celiac disease · Food allergies · food allergy blogs · gf foods · gluten free · Gluten free eating · gluten free lifestyle · gluten intolerance · gluten intolerant · Herbs

Places Gluten Likes to Hide

Even though I’ve been eating gluten-free for about ten years now, I still like reminders of those hidden places where gluten may lurk. This infographic from Delicious Living is a nice visual reminder for some of those sneaky spots:

10glutenfoods

I would add herbal teas to this list because I often find barley malt on the ingredients lists of herbal tea blends, especially Yogi teas (which I love!). Not all have barley malt, but I know Stomach Ease does and so does Kava Stress Relief, both of which I used to drink regularly and highly recommend if you aren’t avoiding gluten. Otherwise, find another tea to drink and read those labels!

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Food allergies · food allergy blogs · food sensitivities · gluten free food · gluten intolerance · gluten intolerant · health · low-FODMAPs

Wheat~ is it the Gluten or the FODMAPs

More and more people are finding digestive relief from avoiding wheat, and yet some of those people are not finding all the relief they wished for. This might be because instead of gluten being the issue, which is a protein in wheat, rye, and barley, it might actually be the carbs of wheat, which fall under the FODMAPs acronym. FODMAPs stands for Fermentable Oligosaccharides, Disaccharides, Monosaccharides and Polyols, which are molecules in certain carbohydrates that some people have trouble digesting. Wheat is one of the culprits but other items which fall under the FODMAPs category are beans, many dairy products, some fruits like apples and apricots, and a variety of vegetables such as broccoli and cauliflower. For a complete list, check out Fodmaplife.com but before checking it out you should know two things: 1. the list is extensive and can be overwhelming at first glance, but don’t let it deter you because 2. not everyone reacts to all the items the same. When you start to explore if you are one of the people whose digestive issues stem from FODMAPs, you will need to limit all foods high in FODMAPs, but you then can start adding some back into your diet and experiment with what really bothers your personal system and what can actually be tolerated and at what doses. So, in other words, the list is not a list of foods you can never eat again, think of it merely as a starting point.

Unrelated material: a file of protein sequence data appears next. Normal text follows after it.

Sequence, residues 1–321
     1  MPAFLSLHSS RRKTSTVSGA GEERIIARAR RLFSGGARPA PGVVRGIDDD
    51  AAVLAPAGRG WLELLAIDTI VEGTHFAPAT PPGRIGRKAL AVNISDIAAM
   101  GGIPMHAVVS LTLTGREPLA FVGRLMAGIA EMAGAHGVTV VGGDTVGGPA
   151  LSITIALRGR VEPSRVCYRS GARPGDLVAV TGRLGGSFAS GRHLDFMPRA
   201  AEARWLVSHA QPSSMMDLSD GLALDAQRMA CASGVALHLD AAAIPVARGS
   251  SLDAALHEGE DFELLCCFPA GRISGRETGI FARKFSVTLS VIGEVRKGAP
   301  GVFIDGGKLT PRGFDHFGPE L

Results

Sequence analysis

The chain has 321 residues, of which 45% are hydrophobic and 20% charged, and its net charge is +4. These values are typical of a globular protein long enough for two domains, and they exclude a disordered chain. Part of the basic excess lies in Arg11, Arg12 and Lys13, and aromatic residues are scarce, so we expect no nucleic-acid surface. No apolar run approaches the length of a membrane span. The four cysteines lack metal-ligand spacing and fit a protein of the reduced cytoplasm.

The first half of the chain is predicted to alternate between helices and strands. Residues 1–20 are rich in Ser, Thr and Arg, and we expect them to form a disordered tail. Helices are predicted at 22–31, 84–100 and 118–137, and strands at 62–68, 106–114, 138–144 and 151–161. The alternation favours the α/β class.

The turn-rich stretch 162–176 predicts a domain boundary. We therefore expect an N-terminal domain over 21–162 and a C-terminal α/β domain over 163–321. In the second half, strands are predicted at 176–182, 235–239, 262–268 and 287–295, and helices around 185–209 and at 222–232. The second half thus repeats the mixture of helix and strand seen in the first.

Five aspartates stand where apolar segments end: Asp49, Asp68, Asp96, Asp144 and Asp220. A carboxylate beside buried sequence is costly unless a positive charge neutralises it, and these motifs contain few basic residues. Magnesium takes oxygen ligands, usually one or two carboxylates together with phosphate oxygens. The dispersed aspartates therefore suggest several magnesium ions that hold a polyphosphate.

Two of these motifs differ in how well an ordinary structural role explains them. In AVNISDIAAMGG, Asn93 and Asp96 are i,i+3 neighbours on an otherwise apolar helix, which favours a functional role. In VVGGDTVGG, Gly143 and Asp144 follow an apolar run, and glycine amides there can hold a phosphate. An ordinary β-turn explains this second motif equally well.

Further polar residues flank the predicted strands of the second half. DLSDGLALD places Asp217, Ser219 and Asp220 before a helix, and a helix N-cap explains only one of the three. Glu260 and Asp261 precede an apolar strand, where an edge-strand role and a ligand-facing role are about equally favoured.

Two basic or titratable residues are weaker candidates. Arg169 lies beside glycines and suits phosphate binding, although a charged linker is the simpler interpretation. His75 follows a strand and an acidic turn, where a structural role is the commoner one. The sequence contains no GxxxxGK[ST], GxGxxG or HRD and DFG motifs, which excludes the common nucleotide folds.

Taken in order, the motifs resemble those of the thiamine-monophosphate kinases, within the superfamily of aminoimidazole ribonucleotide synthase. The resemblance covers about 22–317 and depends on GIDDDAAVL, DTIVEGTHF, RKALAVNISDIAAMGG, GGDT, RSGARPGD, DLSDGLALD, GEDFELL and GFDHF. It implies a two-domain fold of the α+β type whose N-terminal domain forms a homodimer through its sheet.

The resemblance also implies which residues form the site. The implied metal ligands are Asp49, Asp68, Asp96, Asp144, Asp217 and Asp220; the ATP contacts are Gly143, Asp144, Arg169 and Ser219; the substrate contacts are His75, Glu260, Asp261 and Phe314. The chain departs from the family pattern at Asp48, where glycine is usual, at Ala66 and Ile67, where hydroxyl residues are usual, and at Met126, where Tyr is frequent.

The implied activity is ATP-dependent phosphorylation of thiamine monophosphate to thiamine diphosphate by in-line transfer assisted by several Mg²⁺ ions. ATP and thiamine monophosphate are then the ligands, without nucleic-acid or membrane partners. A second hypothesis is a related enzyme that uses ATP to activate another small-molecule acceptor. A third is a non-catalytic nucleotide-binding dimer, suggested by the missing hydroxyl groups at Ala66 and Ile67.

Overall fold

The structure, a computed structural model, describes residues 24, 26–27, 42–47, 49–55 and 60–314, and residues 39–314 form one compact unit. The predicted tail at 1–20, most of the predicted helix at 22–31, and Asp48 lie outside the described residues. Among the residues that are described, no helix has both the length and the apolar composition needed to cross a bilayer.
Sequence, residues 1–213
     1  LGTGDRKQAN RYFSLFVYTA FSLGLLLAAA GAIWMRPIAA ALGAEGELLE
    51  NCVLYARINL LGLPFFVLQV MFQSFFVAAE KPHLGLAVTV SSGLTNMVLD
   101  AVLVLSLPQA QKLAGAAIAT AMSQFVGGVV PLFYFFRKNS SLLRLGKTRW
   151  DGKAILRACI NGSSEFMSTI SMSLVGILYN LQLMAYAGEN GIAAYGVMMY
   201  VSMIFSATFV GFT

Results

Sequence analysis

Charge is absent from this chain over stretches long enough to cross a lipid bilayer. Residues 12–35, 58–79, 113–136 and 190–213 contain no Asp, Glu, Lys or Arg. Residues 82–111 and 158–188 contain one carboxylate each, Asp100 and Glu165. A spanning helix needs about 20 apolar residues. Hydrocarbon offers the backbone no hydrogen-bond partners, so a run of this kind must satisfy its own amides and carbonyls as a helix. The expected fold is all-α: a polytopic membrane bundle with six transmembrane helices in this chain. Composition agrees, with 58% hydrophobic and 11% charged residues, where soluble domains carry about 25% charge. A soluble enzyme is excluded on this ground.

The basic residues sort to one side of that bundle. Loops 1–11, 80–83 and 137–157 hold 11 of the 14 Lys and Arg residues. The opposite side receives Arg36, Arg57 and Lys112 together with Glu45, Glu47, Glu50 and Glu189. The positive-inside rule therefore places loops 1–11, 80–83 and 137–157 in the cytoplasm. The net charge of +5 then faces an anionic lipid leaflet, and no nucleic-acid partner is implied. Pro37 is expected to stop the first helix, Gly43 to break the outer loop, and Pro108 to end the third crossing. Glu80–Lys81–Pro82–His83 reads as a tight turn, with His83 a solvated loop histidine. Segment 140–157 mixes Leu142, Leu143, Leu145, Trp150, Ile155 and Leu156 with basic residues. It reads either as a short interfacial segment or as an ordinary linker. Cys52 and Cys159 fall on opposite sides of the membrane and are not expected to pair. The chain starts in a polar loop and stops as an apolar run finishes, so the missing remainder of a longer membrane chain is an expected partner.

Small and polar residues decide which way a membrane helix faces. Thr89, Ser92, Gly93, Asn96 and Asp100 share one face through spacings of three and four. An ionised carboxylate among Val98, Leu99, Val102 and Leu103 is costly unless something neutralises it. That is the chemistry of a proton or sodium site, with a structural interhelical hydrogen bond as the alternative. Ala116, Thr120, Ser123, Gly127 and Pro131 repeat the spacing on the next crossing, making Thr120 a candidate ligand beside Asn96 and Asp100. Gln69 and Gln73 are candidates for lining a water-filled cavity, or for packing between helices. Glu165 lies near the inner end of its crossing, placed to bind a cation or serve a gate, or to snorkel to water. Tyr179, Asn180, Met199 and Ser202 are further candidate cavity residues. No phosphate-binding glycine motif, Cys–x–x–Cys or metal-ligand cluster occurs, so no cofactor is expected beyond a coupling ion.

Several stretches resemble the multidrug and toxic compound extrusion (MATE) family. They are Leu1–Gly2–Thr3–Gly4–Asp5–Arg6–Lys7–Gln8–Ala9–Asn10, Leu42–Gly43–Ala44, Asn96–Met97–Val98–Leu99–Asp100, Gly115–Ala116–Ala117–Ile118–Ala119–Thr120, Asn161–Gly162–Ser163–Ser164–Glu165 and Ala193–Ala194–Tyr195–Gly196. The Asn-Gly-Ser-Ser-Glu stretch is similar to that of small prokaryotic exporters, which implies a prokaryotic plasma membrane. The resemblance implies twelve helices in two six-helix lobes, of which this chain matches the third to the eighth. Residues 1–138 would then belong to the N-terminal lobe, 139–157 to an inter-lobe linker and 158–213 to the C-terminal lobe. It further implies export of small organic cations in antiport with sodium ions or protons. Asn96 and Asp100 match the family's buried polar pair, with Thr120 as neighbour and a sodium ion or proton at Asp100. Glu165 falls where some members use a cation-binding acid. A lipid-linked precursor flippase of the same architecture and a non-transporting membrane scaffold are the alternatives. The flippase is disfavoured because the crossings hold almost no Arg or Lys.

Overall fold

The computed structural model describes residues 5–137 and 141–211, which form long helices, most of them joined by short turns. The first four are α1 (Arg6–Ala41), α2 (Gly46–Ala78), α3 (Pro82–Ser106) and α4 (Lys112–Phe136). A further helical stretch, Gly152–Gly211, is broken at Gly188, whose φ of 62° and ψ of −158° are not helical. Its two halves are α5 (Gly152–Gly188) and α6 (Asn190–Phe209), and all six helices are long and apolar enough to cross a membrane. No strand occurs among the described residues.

An easy way to experiment with this and take the guess work out of your meal planning is to try Delicious Living’s Low FODMAP Menus for a Week. They have put together meals that avoid all the high FODMAP foods and instead focus on healthy foods that are easy on the digestive tract. I mentioned this in my last post and here’s a preview of what you will find on the week plan:

lowfodmapmealplanpreview1

If you have gone gluten-free and have found some relief but not total relief, it is worth a week of effort to try low-FODMAP eating to see if you can’t be healthier (and therefore happier). Time to go shopping~

lowfodmapshoppinglistpreview2

 

food · Food allergies · food allergy blogs · food sensitivities · gardening · gluten intolerance · gluten intolerant · health · low-FODMAPs

More on Probiotics, Gluten, and FODMAPs